School CCTV row

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PUPILS in Knowley are watched by more CCTV cameras than anywhere else in the country, new figures have revealed.

Schools in the borough employ a staggering 129 cameras watching youngsters, with some even installing the surveillance devices in toilets and changing rooms.

The startling revelation only came to light after a privacy campaign group issued Freedom of Information requests to thousands of schools across the country.

Two schools in Prescot and Whiston were named on Big Brother Watch’s list of schools using CCTV to spy on pupils.

They are Knowsley Centre for Learning. in Knowsley Park Lane, Prescot, which has nine cameras, and St Edmund Arrowsmith Catholic Centre for Learning in Cumber Lane, Whiston, with 10.

The practice has sparked outrage among privacy campaigners and teaching unions.

They argue it raises serious questions about excessive surveillance and warn of a risk footage captured by school cameras could fall into the wrong hands.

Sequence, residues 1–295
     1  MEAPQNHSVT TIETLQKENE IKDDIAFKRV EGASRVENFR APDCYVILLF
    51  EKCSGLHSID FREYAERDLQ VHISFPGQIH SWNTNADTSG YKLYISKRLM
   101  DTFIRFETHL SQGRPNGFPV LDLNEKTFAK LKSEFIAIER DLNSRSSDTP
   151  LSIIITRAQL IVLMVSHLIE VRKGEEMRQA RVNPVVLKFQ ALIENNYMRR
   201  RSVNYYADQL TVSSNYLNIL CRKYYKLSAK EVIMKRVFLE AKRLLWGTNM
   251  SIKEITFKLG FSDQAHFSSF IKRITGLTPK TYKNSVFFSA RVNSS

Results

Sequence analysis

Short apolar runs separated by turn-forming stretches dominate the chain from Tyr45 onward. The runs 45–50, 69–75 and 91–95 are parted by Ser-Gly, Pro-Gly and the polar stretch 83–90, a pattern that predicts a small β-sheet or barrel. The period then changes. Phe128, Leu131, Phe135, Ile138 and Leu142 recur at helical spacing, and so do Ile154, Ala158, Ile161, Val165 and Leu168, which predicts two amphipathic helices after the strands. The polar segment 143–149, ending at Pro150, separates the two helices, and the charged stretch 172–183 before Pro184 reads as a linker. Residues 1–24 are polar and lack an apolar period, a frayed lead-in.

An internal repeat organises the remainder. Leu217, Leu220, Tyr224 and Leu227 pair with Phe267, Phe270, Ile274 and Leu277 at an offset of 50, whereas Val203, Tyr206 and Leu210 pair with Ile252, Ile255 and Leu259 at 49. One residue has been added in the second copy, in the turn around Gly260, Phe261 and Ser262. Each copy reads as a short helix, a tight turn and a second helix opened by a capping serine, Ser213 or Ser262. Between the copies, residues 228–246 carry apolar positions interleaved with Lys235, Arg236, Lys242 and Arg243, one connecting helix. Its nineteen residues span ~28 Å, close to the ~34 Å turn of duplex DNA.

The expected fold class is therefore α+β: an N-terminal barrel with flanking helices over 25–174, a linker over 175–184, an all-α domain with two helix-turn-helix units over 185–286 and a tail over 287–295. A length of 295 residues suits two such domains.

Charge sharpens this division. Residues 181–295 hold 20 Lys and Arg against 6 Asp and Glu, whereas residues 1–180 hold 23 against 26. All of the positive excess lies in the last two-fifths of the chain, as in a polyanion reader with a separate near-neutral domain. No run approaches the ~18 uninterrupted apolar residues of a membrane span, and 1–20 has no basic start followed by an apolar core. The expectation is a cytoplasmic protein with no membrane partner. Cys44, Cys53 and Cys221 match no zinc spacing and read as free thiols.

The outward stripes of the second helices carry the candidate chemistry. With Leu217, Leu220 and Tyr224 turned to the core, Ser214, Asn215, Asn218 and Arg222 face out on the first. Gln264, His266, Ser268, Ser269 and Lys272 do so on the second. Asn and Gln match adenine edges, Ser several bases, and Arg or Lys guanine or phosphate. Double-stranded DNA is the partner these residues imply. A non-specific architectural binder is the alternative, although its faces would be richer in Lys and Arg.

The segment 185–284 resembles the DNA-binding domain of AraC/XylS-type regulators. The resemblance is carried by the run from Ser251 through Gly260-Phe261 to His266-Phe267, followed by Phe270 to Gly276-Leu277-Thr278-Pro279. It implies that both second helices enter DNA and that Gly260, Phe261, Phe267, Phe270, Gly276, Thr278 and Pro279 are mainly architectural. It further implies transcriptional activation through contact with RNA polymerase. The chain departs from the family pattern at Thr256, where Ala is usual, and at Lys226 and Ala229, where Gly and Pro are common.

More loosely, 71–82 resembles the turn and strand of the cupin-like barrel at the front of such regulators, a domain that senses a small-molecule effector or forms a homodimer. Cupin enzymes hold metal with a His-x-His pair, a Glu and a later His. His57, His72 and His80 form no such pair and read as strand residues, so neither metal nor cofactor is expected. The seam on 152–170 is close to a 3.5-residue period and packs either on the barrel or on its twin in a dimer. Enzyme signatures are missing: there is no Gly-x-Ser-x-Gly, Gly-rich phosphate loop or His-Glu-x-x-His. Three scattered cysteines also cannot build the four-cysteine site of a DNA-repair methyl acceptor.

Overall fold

A spokeswoman for Knowsley Council defending the practice, saying its helped ensure pupil safety.

She added: “A strict policy on the use of CCTV in schools was drawn up by the council in 2009 and was shared with and approved by unions, professional bodies and head teacher associations.

“CCTV cameras in our schools are not continuously monitored and only authorised staff are able to view the footage. When footage is reviewed the reason for this is recorded.

“There are no cameras in changing rooms or toilets and signs are clearly displayed throughout the school to inform pupils, staff and visitors that CCTV is in operation.

“Christ the King is one of seven Centres for Learning built in Knowsley as part of the Building Schools for the Future programme in 2009.

“It was constructed with a long term forecast of rising pupil numbers and has capacity for the current number of pupils on roll to double in the coming years. Therefore the ratio of cameras to pupils may seem higher than at other schools at the current time.”

No one from either Knowsley Centre for Learning or St Edmund Arrowsmith were available for comment.

Privacy campaigners Big Brother Watch revealed the figures after submitting Freedom of Information requested to more than 2,000 schools.

Responses from 2,107 secondary schools and academies showed they used 47,806 cameras, including 26,887 inside school buildings. With 1.8 million pupils being taught in these schools, there was an average of one camera for every 38 children.